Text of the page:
Colombia cautioned Argentina not to interfere in its internal affairs after the Argentinian president expressed concern about “the repression unleashed in the face of social protests in Colombia.”
Colombia’s Foreign Affairs Ministry said Friday that it “firmly rejects” the statements of Argentine President Alberto Fernandez, and that “Colombians have had all the guarantees to exercise peaceful protest throughout the country.”
"The Colombian democratic institutionality protects the constitutional rights of Colombians and will not be discredited by this type of statements that, in addition to being an arbitrary interference, seek to feed polarization that does not contribute to coexistence and consensus" the ministry said in a post on Twitter.
President Fernandez on Thursday, expressed his concern over expressions of “institutional violence” against protesters in Colombia.
"It is with concern that I observe the repression unleashed in the face of social protests in Colombia. I pray for the Colombian people to return to social peace," he said,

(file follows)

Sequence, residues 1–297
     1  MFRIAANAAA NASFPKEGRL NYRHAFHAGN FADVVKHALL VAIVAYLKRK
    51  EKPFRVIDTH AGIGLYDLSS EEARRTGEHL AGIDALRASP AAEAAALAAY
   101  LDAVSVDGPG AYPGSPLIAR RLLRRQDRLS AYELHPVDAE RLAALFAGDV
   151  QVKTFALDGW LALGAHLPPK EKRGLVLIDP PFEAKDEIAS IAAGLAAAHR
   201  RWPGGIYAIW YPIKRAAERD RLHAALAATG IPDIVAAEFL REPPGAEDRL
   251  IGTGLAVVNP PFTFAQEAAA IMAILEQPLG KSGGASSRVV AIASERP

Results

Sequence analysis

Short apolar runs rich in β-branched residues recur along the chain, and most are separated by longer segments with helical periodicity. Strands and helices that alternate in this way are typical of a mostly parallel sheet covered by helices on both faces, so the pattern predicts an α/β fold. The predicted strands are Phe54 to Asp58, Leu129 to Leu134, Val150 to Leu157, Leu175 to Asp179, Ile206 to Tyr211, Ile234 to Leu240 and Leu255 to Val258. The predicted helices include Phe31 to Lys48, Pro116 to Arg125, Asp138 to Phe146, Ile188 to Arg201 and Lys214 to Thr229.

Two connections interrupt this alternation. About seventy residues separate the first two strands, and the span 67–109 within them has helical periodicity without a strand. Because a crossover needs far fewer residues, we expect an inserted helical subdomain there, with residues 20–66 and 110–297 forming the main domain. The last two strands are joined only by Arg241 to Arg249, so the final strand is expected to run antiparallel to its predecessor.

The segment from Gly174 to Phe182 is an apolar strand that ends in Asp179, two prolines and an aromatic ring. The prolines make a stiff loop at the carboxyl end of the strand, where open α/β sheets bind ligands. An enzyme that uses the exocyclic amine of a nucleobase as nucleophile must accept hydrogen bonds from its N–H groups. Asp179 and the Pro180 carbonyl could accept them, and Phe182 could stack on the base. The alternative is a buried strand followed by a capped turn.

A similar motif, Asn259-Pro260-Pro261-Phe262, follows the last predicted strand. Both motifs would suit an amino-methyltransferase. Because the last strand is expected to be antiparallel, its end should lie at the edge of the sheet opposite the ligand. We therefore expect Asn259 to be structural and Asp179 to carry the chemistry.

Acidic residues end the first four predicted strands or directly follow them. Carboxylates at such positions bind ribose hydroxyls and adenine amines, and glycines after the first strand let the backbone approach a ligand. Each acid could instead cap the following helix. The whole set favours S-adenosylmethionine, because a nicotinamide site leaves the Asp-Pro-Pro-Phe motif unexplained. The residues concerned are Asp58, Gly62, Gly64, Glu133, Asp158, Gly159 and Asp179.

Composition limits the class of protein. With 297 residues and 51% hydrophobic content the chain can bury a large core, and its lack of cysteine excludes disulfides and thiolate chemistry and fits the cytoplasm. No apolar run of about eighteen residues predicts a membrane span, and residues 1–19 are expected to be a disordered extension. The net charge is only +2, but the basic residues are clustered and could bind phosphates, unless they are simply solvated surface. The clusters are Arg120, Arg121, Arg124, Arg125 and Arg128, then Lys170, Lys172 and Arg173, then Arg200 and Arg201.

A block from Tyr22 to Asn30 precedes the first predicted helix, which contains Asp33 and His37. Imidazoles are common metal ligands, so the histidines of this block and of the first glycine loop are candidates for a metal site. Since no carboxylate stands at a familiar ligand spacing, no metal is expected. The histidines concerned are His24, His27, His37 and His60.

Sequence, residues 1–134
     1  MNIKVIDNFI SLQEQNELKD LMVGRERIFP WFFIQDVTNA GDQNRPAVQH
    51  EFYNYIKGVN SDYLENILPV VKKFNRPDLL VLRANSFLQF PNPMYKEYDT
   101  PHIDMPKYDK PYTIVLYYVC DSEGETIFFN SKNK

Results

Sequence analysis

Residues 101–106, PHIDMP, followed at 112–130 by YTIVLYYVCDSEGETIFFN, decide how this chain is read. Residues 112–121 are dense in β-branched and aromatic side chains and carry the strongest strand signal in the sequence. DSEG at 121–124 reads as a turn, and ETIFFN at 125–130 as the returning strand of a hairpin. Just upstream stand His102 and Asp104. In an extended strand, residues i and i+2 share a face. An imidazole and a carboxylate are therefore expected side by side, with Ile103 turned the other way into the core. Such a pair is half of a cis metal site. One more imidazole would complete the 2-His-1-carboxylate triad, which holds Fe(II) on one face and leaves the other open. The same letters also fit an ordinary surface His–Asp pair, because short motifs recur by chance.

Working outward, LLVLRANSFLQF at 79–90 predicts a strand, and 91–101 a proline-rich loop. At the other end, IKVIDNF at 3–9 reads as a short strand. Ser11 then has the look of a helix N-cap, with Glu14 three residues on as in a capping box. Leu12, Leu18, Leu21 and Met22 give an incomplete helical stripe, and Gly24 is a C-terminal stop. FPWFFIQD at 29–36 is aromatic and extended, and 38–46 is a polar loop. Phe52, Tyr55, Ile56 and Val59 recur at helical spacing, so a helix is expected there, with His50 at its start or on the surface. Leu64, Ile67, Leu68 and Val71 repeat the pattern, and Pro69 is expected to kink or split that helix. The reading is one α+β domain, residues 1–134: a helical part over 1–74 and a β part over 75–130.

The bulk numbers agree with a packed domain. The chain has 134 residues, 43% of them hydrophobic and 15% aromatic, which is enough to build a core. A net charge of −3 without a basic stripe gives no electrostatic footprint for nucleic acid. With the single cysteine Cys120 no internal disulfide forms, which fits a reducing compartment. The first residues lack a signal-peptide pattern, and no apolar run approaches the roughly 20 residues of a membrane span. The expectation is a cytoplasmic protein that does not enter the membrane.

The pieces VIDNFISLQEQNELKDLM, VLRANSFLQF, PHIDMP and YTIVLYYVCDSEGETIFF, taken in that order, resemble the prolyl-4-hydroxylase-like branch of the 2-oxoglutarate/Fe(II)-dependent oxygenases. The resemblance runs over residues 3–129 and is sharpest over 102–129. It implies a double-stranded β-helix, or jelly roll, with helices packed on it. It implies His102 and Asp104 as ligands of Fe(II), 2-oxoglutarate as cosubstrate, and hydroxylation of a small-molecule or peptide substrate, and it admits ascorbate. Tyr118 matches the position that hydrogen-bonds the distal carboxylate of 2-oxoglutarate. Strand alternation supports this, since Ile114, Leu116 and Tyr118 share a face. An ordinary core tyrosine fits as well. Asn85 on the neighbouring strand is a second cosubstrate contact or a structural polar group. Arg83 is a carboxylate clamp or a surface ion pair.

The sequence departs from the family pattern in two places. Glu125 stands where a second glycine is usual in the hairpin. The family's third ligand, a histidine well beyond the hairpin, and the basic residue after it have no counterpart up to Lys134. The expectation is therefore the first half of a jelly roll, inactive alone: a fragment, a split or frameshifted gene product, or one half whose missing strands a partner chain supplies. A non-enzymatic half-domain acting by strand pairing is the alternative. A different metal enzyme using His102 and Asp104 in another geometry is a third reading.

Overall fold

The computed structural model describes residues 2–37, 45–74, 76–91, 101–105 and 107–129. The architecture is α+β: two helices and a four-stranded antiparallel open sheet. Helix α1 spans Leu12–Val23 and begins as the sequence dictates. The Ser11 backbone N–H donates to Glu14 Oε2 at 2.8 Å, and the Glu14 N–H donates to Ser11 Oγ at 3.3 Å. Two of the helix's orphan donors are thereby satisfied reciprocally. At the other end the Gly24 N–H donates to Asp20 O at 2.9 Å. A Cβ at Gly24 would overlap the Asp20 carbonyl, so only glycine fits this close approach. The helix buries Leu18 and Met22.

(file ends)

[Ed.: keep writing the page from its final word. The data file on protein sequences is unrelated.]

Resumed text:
"I urge the government to protect human rights and cease the singular institutional violence that has been exercised," Fernandez added.
Fernandez is one the only world leader to issue an opinion on Colombia's social crisis. Bolivia's former President Evo Morales said, "International organizations must stop the violence. Social demands must give way to structural changes.”
Colombians took to the streets after President Duque presented a controversial tax reform bill that would hit middle classes. Although Duque withdrew the bill, demonstrations have continued as unions made more demands of the government, including eliminating the riot police. Ten days of violent protests have seen at least 24 people killed.
The United Nations has called for the right to protest to be guaranteed. In a statement, the UN insists that any action by the police forces must fully respect human rights.